Once upon a time I was having dinner with a somewhat well-known theater critic from a rather notorious
I also attempted to pick apart the play. It was then this critic said something that has stayed with me ever since: “By discussing it we grant it legitimacy.” I assumed he meant the play, so I went back to telling him how much I loved breasts.
The last thing I want to do is grant legitimacy to a play like Slavey, Sigrid Gilmer’s exercise in pointless scribbling, which is part of Clubbed Thumb’s Summerworks 2008 series.
But here we are.
It runs at the Ohio Theater until June 28, and it is a shame that Clubbed Thumb, much lauded and beloved by downtown actors and enthusiasts, must close its Summerworks project with such a dud.
Set in the not-too-distant future (one in which MP3 players aren’t yet obsolete, anyway, and a couple thousand dollars can get you safely underground), we meet Robert and Nora, a sexually frustrated couple who have just purchased a new slave (or “slavey”). In this part of the world (
The couple also has a young son, unimaginatively named Sonny, who is portrayed by Edward Nattenberg in a strong but—given the play he’s in—negligible performance. The child is in mourning for a lost pet, and spends most of the play behaving like a petulant dog. He easily and endlessly annoys his parents with this behavior which makes it all the harder to understand why they would have gone out and bought a giant dog suit for him to wear.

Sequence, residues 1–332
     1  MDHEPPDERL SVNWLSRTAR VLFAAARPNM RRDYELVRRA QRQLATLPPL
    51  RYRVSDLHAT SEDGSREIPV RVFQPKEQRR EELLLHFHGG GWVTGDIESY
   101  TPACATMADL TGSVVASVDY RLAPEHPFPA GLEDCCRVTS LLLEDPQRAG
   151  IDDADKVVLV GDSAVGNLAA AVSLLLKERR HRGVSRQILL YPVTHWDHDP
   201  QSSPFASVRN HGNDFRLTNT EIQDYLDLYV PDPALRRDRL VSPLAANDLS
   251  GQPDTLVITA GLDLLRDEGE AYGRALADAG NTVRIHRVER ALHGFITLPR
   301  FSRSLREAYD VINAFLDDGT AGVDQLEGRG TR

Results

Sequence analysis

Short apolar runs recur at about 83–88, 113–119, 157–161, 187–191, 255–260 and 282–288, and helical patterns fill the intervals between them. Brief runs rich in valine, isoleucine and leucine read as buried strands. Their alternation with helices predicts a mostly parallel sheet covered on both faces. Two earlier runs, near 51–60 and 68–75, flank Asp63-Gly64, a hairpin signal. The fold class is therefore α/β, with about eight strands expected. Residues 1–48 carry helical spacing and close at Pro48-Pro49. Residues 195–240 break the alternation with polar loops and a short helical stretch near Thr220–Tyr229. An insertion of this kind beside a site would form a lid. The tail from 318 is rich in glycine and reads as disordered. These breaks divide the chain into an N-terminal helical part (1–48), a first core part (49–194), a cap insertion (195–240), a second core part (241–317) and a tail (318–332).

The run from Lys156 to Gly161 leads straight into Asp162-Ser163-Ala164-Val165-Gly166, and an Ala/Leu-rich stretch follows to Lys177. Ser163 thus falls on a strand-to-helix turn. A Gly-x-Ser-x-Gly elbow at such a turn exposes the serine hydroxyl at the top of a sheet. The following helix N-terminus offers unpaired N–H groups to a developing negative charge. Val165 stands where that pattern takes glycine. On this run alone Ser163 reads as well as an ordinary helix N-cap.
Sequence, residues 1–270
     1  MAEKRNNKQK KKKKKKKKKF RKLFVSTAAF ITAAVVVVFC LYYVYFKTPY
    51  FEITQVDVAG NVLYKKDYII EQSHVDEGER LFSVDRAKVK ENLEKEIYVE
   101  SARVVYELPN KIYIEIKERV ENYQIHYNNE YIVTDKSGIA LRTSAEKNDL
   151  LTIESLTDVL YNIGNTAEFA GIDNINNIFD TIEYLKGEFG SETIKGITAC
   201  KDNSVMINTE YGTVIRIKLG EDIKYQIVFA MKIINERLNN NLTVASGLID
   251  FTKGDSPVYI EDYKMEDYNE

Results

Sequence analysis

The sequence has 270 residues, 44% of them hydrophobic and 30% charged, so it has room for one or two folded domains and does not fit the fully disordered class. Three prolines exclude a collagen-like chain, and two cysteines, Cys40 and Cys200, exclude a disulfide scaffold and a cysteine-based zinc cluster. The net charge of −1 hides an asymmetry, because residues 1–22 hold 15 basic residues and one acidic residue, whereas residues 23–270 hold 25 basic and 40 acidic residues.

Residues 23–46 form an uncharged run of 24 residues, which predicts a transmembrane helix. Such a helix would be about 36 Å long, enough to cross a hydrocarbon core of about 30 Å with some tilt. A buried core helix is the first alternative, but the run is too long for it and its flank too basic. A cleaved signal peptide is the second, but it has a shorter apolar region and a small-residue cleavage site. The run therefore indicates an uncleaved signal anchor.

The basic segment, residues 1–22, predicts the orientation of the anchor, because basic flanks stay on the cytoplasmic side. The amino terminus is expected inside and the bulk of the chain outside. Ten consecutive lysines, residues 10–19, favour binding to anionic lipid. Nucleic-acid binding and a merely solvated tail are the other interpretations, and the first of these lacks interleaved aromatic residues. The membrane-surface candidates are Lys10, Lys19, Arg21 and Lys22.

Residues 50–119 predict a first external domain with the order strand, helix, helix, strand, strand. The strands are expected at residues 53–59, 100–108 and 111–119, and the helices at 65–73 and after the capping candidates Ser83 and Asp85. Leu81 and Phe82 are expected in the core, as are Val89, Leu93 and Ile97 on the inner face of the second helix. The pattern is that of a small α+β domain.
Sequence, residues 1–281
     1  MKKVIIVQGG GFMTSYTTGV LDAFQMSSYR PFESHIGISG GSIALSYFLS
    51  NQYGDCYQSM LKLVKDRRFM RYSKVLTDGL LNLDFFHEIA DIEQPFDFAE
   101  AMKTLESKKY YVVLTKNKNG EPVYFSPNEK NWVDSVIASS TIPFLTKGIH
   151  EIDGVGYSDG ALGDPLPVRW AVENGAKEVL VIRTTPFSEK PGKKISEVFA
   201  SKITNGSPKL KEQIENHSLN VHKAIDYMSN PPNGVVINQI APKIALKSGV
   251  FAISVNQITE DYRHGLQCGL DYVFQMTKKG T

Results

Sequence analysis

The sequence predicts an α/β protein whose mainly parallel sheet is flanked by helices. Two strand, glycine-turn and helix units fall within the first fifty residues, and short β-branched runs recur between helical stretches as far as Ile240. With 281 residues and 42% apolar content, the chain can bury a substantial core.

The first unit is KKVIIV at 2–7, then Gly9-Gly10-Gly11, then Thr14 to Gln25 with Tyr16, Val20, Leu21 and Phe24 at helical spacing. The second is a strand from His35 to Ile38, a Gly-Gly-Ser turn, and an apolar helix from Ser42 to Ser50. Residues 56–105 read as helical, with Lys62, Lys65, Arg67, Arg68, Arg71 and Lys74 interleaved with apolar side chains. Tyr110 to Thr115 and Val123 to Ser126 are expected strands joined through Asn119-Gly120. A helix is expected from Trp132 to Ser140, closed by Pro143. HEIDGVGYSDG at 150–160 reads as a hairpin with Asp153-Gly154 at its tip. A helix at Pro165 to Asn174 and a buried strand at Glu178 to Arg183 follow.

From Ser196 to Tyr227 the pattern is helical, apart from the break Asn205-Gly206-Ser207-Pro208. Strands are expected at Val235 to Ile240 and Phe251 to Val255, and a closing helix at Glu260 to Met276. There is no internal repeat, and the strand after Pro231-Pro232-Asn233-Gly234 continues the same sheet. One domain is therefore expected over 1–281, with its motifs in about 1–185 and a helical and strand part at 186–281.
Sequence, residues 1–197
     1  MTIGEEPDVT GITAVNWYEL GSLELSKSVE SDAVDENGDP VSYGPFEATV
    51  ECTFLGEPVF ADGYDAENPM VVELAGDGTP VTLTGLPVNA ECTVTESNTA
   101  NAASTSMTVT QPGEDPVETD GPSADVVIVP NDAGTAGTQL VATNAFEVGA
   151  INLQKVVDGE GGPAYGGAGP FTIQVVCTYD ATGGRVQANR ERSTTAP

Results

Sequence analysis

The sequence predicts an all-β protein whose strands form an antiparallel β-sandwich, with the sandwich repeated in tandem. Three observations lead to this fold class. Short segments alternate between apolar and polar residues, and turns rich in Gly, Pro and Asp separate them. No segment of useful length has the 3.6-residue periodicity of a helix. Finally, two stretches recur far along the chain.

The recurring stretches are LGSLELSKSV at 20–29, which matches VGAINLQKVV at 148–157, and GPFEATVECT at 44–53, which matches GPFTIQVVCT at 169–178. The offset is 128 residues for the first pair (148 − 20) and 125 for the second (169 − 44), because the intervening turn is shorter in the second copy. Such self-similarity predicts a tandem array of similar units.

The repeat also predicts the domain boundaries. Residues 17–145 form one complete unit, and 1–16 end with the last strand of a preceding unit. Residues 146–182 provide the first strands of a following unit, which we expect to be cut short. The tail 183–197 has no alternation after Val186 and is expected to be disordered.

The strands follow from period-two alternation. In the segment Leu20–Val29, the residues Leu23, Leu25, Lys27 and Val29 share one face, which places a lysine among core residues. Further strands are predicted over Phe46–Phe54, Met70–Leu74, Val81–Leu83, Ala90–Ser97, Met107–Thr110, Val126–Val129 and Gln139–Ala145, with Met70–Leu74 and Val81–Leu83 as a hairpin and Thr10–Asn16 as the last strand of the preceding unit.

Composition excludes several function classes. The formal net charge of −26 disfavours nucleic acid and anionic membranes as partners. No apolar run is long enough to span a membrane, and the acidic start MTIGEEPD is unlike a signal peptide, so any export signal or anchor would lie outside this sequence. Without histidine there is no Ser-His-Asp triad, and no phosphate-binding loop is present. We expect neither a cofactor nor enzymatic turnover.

When one of the spouses commits an infidelity with Ted, the slave is then subject to torture. Before long he exacts revenge, egged on by his friend… a stick.
There are ten actors in this play. Ten uneven actors to be sure, and half of them appear to be under-rehearsed, but ten people. All under the direction of Robert O’Hara. That’s eleven people. Add Sigrid Gilmer herself, and that’s a minimum of twelve people, all working on putting this play up, applying their minds, talents, and energies to it. And yet after all this artistic collaboration, it seems no one thought to point out that the script contains a host of half-baked ideas and is potholed with logical gap after logical gap. Even the twelve apostles were willing to ask a few tough questions before opening night.